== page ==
Andy Murray has made the genius decision to part ways with “coaching consultant” Alex Corretja just a few months after firing Miles Maclagan. If you look at Murray’s brilliant results of late (clearly I’m being sarcastic) you can see that being totally coachless and only under the guidance of his mother is a great idea
The periods of time when Roger Federer went coachless were unusual but at least he had some results to back up his ability to coach himself with the help of his now wife Mirka. Murray, on the other hand, can boast no such results or mental stability and I almost can’t bring myself to watch as Murray prepares to step on the clay courts with out his clay court specialist consultant.
Unless he’s got something else up his sleeve (such as the possible Ivan Lendl match) it just seems totally stupid. To be fair if I was Alex Corretja I wouldn’t want to be associated with the current disaster that is Andy Murray.
Corretja originally came on part time in April 2008 to try and improve his clay court results. Corretja quickly became a more permanent fixture in the Murray camp.
Murray was complimentary to Corretja when talking to media today. “I’ve had a really good relationship with Alex over the past three years. I have learned so much from being around him and I want to thank him for his hard work, enthusiasm, dedication and support.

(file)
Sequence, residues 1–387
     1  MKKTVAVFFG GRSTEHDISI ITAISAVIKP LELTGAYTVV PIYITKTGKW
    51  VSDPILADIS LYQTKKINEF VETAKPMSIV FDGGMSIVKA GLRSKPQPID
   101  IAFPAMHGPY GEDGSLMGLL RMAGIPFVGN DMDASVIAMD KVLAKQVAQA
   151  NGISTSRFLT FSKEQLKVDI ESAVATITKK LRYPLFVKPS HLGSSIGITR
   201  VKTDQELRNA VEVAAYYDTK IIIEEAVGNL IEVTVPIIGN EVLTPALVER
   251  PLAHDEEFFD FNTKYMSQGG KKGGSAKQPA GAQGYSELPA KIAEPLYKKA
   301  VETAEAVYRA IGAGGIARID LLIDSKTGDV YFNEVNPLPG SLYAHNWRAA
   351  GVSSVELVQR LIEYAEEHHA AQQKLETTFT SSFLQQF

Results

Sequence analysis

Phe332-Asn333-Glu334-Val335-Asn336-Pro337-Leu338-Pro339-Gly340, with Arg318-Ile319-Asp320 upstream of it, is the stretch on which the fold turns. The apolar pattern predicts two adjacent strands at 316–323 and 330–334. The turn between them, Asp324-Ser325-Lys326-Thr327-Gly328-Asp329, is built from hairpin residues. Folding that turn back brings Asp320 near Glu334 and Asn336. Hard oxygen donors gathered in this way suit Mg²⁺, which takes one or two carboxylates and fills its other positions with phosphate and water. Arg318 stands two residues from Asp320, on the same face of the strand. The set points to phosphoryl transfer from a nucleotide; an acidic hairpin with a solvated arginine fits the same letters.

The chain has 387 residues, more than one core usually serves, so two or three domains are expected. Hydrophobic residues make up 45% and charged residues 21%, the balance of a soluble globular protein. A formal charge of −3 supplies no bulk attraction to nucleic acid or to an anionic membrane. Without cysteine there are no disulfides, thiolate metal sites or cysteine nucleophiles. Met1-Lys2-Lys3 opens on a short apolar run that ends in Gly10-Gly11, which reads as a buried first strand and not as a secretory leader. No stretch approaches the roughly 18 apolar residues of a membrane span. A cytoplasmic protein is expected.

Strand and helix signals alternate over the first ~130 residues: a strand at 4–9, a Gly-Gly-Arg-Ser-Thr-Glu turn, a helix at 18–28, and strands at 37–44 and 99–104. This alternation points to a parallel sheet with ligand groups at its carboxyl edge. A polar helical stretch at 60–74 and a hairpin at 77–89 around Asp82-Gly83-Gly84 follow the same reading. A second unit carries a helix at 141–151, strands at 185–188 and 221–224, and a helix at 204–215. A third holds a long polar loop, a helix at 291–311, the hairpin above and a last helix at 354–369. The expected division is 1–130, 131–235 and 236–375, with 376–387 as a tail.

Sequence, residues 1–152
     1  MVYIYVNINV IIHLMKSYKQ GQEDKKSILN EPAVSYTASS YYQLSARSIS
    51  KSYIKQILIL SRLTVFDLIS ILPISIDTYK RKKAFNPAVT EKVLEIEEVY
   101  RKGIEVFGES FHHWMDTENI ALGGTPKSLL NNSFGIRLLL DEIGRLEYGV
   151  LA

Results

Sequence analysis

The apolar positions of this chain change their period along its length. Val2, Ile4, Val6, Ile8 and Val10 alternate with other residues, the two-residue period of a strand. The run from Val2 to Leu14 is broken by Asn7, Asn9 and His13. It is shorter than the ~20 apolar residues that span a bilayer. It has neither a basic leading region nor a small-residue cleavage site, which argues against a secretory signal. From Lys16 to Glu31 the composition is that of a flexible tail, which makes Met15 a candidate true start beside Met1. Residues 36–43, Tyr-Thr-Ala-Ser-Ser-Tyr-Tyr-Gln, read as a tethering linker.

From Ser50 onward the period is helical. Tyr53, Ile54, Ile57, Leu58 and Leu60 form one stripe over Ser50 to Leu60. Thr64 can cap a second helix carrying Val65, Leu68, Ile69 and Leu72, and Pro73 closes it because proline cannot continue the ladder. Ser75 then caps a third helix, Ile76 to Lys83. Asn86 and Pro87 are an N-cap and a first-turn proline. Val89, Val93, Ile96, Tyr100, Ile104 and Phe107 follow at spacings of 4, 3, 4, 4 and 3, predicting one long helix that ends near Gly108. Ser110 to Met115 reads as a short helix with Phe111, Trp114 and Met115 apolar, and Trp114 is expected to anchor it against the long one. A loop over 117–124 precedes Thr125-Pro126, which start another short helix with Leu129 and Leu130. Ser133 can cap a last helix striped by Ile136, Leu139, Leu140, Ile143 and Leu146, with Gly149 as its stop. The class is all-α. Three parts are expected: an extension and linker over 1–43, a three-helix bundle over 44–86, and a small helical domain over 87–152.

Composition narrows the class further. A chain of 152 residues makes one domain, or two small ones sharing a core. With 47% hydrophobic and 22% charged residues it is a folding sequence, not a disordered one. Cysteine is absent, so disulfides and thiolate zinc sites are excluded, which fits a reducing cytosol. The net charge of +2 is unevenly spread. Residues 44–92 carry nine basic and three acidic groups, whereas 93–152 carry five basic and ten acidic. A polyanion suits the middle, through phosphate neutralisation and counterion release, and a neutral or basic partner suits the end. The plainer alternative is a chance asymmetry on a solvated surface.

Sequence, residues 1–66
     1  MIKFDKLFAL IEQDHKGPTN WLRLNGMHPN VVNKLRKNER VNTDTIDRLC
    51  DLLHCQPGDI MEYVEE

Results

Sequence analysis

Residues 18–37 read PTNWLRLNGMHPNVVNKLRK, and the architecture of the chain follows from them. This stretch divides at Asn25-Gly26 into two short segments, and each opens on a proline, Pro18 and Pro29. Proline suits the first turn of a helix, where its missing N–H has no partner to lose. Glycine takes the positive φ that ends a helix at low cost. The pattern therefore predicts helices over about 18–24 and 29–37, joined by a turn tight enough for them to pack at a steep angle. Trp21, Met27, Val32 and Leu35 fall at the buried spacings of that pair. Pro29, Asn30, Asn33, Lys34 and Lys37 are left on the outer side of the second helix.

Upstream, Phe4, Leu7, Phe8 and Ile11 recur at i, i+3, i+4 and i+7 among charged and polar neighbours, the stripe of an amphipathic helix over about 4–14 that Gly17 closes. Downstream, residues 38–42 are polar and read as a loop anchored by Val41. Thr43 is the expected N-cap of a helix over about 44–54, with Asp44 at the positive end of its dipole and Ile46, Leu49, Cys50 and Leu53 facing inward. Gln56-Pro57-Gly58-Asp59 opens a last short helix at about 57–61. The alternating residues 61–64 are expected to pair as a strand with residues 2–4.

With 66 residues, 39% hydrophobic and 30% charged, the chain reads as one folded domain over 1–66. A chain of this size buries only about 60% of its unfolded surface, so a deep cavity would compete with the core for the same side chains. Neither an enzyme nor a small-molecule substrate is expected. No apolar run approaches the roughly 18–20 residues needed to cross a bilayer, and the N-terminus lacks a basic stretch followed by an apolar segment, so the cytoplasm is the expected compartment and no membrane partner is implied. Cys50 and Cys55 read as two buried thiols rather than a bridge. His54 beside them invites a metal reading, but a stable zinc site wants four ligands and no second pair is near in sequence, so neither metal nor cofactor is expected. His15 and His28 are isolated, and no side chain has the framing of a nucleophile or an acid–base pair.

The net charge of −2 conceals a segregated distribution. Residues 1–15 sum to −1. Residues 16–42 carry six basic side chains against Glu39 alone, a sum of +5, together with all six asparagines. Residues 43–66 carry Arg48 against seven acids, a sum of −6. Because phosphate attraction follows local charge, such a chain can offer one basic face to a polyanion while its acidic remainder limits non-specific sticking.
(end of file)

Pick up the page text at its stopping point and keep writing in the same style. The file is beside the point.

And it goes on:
He has been a great friend as well as a mentor to me and we’ve shared lots of success and good times both on and off the court.”
Corretja has not ruled out assisting Murray again in the future.
Lendl would be an interesting match up because he lost in his first four grand slam finals before going on to win eight titles, and Murray, at this point, seems to struggle to recover from grand slam disappointment.
“Andy could do with some advice from the right person. He is good enough to get to that next level, but he needs that something extra that’s missing. He needs to find it from himself more than someone else.
It’s a mental thing, he has all the ability in the world.
Maybe it’s his approach to tennis. If he does go a different route, you have to give your trust to that person. You have to let your guard down a bit, listen to the guy and accept he’s giving his opinion.” – Jamie Murray